• <p><strong>Jane Ash Poitrs,<em> "Buffalo Rebirth." </em></strong>1994serigraph on paper. 30" x 22"</p><p>Another important symbolism within Plains Cree Nations is a Buffalo. In the centre of the image, there is an impression of a road and also a teepee. <strong><em>Buffalo Rebirth </em></strong>expresses Poitras's reconnection to her Plains Cree identity, her true home. Here, Poitras mixes Indigenous culture and Western society to imagine a future where everyone is harmoniously interwoven.</p> <p>Another important symbolism within Plains Cree Nations is a Buffalo. In the centre of the image, there is an impression of a road and also a teepee.<strong><em>Buffalo Rebirth </em></strong>expresses Poitras's reconnection to her Plains Cree Identity, her true home. Here, Poitras mixes Indigenous culture and western society to imagine a future where everyone harmoniously interweaves.</p>
  • <p>(Left to Right) <strong>Angela George,</strong> <em><strong>"Rivers Have Mouths," </strong></em>and<strong> <em>"Nest of the Thunderbird."</em></strong></p><p>Weaving is at the heart of George's practice. Interwoven within the warp and weft of <em><strong>Rivers Have Mouths </strong></em>are stories and teachings of the rivers. According to George, this weaving and its intricate designs and patterns weave our paths with the river’s journey and ancient techniques and knowledge.</p><p>"The River reminds us to listen with our hearts and minds, to strengthen ourselves so that we can uphold our roles and responsibilities... Like the River, we must persevere, cleanse and go deep within to heal and restore balance and harmony within ourselves and with all living things."</p> <p>Weaving is at the heart of Angela's practice. Interwoven within the warp and weft of <em><strong>Rivers Have Mouth </strong></em>are stories and teachings of the rivers. According to Angela, this weaving and its intricate designs and patterns weave our paths with the river’s journey and ancient techniques and knowledge.</p><p>"The River reminds us to listen with our hearts and minds, to strengthen ourselves so that we can uphold our roles and responsibilities... Like the River, we must persevere, cleanse and go deep within to heal and restore balance and harmony within ourselves and with all living things."</p>
  • <p><strong>Angela George,<em> "Rivers Have Mouth." </em></strong>Coast sSalish weaving. 56" x 56"</p><p>Weaving is at the heart of George's practice. Interwoven within the warp and weft of <em><strong>Rivers Have Mouth </strong></em>are stories and teachings of the rivers. According to George, this weaving and its intricate designs and patterns weave our paths with the river’s journey and ancient techniques and knowledge.</p> <p>Weaving is at the heart of Angela's practice. Interwoven within the warp and weft of <em><strong>Rivers Have Mouth </strong></em>are stories and teachings of the rivers. According to Angela, this weaving and its intricate designs and patterns weave our paths with the river’s journey and ancient techniques and knowledge.</p><p>"The River reminds us to listen with our hearts and minds, to strengthen ourselves so that we can uphold our roles and responsibilities... Like the River, we must persevere, cleanse and go deep within to heal and restore balance and harmony within ourselves and with all living things."</p>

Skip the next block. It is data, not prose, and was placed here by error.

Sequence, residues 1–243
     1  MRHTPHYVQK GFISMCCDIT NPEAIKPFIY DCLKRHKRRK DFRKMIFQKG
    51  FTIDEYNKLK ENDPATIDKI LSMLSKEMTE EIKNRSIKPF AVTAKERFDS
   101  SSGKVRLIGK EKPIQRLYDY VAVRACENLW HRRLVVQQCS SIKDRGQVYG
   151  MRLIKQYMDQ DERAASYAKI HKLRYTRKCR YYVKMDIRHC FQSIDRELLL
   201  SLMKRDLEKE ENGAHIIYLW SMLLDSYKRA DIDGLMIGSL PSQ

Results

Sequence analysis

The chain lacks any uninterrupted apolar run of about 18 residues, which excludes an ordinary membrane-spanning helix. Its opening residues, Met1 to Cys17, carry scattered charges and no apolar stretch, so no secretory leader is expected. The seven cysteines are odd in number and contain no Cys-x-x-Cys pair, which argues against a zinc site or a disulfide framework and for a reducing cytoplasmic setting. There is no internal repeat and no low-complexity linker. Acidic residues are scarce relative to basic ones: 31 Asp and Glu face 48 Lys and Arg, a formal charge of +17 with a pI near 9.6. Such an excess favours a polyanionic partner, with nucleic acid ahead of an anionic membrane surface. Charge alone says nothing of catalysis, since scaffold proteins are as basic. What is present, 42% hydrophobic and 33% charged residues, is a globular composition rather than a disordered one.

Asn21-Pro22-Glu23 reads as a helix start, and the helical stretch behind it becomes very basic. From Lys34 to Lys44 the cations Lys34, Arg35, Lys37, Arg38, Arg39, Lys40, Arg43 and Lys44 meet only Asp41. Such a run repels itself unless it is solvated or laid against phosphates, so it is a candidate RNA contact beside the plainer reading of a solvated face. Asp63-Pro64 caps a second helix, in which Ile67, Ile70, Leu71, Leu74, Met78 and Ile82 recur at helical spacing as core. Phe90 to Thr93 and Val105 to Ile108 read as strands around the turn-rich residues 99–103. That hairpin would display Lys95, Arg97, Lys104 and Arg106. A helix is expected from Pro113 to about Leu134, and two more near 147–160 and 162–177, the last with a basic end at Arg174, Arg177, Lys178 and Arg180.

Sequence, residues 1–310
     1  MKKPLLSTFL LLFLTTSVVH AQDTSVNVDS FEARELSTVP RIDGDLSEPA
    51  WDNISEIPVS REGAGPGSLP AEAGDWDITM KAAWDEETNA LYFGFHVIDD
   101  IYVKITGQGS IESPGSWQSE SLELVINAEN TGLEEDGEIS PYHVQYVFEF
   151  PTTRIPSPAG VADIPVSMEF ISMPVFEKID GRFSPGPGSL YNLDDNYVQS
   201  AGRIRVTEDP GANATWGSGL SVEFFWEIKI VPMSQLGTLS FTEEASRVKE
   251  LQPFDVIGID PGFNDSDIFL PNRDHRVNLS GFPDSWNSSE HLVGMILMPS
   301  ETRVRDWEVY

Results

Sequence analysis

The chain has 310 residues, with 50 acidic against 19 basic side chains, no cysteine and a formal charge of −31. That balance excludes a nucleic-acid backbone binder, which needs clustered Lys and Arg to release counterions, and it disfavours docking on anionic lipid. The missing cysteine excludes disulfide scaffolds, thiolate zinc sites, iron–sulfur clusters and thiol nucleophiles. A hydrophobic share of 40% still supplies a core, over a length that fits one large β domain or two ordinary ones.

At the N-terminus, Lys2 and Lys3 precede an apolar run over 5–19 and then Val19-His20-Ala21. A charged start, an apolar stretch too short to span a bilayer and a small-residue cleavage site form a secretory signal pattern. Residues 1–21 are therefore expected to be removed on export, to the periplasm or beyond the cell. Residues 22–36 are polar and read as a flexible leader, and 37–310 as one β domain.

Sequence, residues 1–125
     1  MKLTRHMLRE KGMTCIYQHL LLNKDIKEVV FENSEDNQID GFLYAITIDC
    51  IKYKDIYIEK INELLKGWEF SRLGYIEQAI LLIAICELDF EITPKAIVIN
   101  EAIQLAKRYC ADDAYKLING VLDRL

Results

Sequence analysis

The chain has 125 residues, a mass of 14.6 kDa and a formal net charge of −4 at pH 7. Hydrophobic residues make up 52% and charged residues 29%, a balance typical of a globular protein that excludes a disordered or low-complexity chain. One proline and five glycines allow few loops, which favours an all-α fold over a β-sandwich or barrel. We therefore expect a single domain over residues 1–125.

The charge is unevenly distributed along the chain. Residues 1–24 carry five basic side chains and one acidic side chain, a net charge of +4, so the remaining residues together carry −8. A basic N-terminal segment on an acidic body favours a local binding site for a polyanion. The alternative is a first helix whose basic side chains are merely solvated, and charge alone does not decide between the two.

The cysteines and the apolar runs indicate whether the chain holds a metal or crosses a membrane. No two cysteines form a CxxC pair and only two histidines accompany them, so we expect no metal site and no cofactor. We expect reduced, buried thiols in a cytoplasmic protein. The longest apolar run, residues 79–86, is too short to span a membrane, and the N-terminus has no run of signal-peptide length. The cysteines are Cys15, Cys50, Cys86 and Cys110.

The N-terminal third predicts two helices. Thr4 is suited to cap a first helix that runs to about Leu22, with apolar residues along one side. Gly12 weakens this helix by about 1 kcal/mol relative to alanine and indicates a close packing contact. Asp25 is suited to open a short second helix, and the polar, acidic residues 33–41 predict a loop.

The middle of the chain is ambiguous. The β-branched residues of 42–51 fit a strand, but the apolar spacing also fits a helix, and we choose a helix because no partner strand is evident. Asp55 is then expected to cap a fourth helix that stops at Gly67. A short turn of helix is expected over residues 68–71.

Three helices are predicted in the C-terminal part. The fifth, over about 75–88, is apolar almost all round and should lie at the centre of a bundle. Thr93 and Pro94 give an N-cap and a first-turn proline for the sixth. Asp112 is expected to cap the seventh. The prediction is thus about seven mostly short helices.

• <p><strong>Angela George,<em> "Nest of the Thunderbird." </em></strong></p><p>Weaving is at the heart of George's practice. Interwoven within the warp and weft of <strong><em>Rivers Have Mouth </em></strong>are stories and teachings of the rivers. According to George, this weaving and its intricate designs and patterns weave our paths with the River's journey and ancient techniques and knowledge.</p> <p>Weaving is at the heart of Angela's practice. Interwoven within the warp and weft of <strong><em>Rivers Have Mouth </em></strong>are stories and teachings of the rivers. According to Angela, this weaving and its intricate designs and patterns weave our paths with the River's journey and ancient techniques and knowledge.</p><p>"The River reminds us to listen with our hearts and minds, to strengthen ourselves so that we can uphold our roles and responsibilities... Like the River, we must persevere, cleanse and go deep within to heal and restore balance and harmony within ourselves and with all living things."</p>
  • <p><strong>Jane Ash Poitras,<em> "Sisters/Storm." </em></strong>1999. Acrylic on canvas. 12" x 12"</p>

In the first section, Beyond the Horizon becomes a motivational phrase for the artists to explore, rediscover, and reconnect to their Indigenous heritage. George Littlechild, Jane Ash Poitras, and Angela George utilize art to positively represent Indigenous culture. The mixed media artworks contain layers of symbols and are a hopeful gesture towards truth and reconciliation.